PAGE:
Grounding: Strong, Solid and Free
My feet don’t often touch the ground. Now, don’t me wrong; no one’s going to mistake me for David Blaine or anything.
But that’s just because my illusion is even better than his.
My feet are physically on the ground, but they’re definitely not always emotionally on the ground.
Public Speaking and Me
This has started to change for me a bit in the past couple years, but it’s been a process (like life, right?). I used to only notice it when I was nervous. Fortunately for me, I was almost always nervous, so I got lots of opportunities to practice.
When I was in college, if I had to share a paper in front of the class, I’d read the whole thing in under a minute and on one breath – even if it was five pages long. I couldn’t look up. I didn’t even try to make it interesting. All I cared about was getting it done without passing out. And not showing how much my hands were shaking.
So I did the only logical thing for someone who is afraid of public speaking: I became a teacher. And then I took a job where all I did was go around and give presentations.
Working with Me
Doing all this public speaking did make me a better, more comfortable speaker. No doubt about it.
But it didn’t help me bring my feet back to earth. If anything, it did the opposite. By forcing myself into uncomfortable situation after uncomfortable situation, my nervous energy got shuffled elsewhere—typically into my stomach and/or head.
Because, oh yeah; if I don’t feel like I have to go to the bathroom every five seconds when I’m about to give a talk then I feel like I’m getting a migraine.
That is, until I heard about this simple tactic that helps me to ground.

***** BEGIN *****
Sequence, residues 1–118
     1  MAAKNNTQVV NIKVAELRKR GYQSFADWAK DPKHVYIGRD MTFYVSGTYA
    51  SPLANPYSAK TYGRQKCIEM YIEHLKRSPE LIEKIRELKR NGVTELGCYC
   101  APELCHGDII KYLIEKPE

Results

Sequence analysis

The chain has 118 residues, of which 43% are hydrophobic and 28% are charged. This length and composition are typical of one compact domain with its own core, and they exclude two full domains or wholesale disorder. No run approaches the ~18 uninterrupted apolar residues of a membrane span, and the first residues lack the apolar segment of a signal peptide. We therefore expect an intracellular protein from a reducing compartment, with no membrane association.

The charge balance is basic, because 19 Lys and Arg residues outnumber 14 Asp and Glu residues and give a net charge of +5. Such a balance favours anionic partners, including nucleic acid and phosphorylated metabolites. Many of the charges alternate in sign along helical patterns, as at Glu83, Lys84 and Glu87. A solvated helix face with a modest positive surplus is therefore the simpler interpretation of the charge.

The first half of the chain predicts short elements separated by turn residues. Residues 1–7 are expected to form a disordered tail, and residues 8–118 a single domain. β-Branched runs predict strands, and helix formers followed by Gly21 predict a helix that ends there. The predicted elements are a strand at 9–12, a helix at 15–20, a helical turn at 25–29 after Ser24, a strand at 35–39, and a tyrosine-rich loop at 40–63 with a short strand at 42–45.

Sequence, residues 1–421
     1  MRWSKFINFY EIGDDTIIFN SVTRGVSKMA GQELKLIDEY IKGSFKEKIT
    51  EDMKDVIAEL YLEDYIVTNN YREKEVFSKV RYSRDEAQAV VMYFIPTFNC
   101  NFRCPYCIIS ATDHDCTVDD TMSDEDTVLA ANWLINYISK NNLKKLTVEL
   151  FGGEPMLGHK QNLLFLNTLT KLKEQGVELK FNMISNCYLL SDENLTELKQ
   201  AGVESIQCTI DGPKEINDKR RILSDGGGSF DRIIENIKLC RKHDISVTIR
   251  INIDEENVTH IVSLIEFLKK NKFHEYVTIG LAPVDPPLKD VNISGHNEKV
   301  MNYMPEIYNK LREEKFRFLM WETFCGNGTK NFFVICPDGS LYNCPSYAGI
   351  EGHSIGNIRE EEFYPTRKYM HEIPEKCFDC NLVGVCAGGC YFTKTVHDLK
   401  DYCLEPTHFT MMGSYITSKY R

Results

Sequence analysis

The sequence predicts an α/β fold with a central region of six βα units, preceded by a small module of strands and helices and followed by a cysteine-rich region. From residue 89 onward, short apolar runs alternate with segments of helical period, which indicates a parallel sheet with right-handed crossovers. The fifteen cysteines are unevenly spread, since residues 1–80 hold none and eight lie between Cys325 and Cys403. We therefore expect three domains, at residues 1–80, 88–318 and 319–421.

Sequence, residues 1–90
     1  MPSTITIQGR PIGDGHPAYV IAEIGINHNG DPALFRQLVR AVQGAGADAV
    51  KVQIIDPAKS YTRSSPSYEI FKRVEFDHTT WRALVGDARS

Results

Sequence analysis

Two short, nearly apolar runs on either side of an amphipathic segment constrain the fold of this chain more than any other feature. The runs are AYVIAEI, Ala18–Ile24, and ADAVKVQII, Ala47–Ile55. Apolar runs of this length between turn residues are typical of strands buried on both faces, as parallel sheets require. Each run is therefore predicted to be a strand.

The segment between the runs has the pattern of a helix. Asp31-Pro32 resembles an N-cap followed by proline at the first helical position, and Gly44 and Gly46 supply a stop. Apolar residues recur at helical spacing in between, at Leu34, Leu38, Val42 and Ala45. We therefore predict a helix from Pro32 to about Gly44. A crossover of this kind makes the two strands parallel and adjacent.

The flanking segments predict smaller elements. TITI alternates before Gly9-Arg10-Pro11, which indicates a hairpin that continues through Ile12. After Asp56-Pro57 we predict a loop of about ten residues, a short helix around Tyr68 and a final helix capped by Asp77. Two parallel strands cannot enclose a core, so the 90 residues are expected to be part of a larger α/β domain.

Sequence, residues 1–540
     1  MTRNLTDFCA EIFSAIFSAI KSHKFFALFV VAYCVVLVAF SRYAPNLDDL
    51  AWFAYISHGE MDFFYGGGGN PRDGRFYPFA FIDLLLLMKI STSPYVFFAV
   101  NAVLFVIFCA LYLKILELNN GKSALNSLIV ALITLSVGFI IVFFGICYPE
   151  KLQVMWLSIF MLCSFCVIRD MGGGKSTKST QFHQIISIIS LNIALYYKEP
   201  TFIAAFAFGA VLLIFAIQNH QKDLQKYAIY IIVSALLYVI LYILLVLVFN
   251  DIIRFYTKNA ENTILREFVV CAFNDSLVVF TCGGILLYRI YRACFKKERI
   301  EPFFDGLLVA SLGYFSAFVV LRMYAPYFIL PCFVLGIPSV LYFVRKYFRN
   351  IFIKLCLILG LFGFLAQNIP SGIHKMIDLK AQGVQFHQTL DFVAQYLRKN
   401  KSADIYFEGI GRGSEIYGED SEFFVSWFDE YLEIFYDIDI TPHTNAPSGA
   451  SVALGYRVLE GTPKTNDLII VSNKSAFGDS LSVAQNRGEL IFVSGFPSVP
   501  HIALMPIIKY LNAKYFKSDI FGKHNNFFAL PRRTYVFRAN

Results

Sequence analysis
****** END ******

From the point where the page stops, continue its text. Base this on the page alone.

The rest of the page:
Pressing through My Feet
About a year ago, I was introduced to the work of Gail Larsen. I read her book Transformational Speaking in a hot second after I learned about it. It’s a great book all about weaving story, specifically personal stories, into your speaking and teaching.
But what I found even more helpful was the technique she shared about getting grounded. It goes a little something like this:
You know how a dog can put on their “brakes” and you can’t get them to go anywhere? Well, we humans have a similar thing. You might have seen kids (or frustrated adults) do it before.
First, try standing how you regularly stand. If you have someone trusted nearby, you can experiment with them. If not, you can just imagine it:
- Have the other person come up to you and try to (kindly) push you over from your regular stance. (They shouldn’t actually push you over unless you can fall into one of those children’s ball pits.)
- Now, make yourself an immovable mountain. This is all energetic; you’ll know what to do. For me, I press more through my feet and just get really strong inside.
- Next, have the person try to push you over again. It’s probably much more difficult, if not impossible.
Grounding vs. Bracing
For me, this activity helps me get grounded not only for public speaking but for anything going on in my life. Sometimes I just notice that my energy is all up in my head—I typically notice this if I’m talking really fast, rehashing an event for the umpteenth time, feeling a migraine coming on, etc.
When I notice these things, I do the activity above, and it pulls my energy right down out of the ether and back to earth.
What I love about this activity is that it helps me to ground instead of brace. And for me, there is a big difference in those two things. I used to brace all the time; it would show up for me as grinding my teeth at night, holding my pelvic floor so tightly that it was like I thought it would fall out and (pretty literally) carrying the weight of the world on my shoulders.
When I brace, I feel smaller, more limited, more fearful. But when I ground, I feel taller, more limitless and more able to move forward with grace.